Perhaps many readers will remember the 2009 motion picture 2012, a disaster film of sprawling proportion starring John Cusack? The premise was that a heating of Earth’s core, not the atmosphere above, resulted in a catastrophic upheaval of the land, devastating most of the planet. Volcanoes erupting, earthquakes splitting open fissures, the oceans flooding over shifting land masses. A fanciful depiction, perhaps, of what Lewis’s predictions-come-true might resemble?

Furthermore, I recall once at a psychic fair a channeler was asked the question, “What would it be like if God didn’t exist?” The “spirit” coming through gave an interesting response: “Everything would simply fly apart. God is what holds everything together.” Hmmmm. When you think about it, that seems to fit right in with Divinity’s core being “gravity,” doesn’t it.

The bottom line to all this, it seems to me, is that if Lewis’s theory attracts some serious attention, we could easily be on the cusp of a scientific paradigm shift. So long to Earth-Day-climate-change “assumptions” and the Big Bang Theory! Fare thee well, Mr. Hawking! In any event, a word to the wise would be to never utter that fatuous phrase: “The science is settled.” It isn’t. And moreover, it never will be.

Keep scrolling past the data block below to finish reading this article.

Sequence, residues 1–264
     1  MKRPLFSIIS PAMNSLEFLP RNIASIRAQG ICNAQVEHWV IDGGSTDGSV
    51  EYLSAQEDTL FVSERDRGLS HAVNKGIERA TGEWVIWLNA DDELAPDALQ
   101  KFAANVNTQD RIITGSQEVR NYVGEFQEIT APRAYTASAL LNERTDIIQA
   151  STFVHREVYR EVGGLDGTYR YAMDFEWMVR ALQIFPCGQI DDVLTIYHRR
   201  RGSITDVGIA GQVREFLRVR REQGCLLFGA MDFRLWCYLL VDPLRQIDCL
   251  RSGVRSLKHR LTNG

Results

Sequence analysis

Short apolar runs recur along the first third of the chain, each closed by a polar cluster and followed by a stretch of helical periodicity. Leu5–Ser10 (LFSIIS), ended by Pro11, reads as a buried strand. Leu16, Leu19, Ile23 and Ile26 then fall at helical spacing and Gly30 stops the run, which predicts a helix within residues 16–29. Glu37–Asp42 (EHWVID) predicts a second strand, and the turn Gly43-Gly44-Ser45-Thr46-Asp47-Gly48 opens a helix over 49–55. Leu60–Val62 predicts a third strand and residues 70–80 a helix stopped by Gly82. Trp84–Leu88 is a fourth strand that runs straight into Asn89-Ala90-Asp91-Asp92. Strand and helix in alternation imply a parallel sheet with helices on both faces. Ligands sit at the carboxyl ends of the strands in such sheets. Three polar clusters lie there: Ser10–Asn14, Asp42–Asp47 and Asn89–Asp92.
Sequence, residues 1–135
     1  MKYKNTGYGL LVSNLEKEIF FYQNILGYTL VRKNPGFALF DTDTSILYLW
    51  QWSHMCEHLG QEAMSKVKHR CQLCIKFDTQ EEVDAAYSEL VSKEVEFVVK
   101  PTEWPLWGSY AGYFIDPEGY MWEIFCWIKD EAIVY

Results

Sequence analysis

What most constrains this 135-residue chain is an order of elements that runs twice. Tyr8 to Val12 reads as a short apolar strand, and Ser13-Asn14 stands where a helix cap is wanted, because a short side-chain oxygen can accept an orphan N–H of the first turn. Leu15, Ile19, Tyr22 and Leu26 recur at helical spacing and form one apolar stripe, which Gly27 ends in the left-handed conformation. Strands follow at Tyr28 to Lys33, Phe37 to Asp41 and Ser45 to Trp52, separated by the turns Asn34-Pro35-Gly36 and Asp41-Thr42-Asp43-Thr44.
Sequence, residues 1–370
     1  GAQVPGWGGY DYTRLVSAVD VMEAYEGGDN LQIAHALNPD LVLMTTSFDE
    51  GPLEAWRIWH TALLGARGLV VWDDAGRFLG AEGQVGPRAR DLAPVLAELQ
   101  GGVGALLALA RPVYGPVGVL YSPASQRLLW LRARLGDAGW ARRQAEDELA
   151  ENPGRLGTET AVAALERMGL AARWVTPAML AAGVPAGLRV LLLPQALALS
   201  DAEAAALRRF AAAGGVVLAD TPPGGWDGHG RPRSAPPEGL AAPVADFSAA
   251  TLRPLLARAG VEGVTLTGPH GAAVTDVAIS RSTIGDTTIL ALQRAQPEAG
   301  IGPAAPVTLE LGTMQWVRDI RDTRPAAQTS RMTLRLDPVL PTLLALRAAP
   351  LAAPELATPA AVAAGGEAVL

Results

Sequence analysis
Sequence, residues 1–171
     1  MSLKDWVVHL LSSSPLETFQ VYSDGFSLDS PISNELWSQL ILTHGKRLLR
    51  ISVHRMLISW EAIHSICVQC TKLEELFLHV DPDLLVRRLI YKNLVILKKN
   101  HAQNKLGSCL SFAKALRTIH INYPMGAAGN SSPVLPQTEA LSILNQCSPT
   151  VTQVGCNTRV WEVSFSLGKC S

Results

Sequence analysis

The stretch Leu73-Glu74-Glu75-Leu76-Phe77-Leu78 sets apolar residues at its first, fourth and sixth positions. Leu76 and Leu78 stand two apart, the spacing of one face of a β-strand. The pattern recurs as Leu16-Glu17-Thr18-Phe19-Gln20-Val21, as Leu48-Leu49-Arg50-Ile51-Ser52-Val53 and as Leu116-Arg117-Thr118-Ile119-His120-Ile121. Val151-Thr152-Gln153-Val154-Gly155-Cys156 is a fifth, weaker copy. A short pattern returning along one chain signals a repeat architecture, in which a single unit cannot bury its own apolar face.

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Mark Scheel

Mark Scheel grew up in east-Kansas farm country. He attended both Kansas State University and The University of Kansas, majoring in psychology and English. Prior to writing full time he served overseas with the American Red Cross in Vietnam, Thailand, West Germany and England, taught at Emporia State University and was an information specialist with the Johnson County Library in Shawnee Mission, Kansas. His stories, articles and poems have appeared in numerous magazines including The Little Balkans Review, Kansas Quarterly, The Cincinnati Poetry Review, The Kansas City Star, Heritage of Kansas, Samisdat, and Poet as well as many sites online such as Common Ground News. His literary activities have also involved membership in The Kansas Authors Club, a seat on the board of directors for Potpourri Publications Company and an editorial position with Kansas City Voices magazine. He co-authored the book Of Youth and the River: the Mississippi Adventure of Raymond Kurtz, Sr., and his collection of stories and poems, A Backward View, was awarded the 1998 J. Donald Coffin Memorial Book Award. His most recent book is titled The Pebble: Life, Love, Politics and Geezer Wisdom.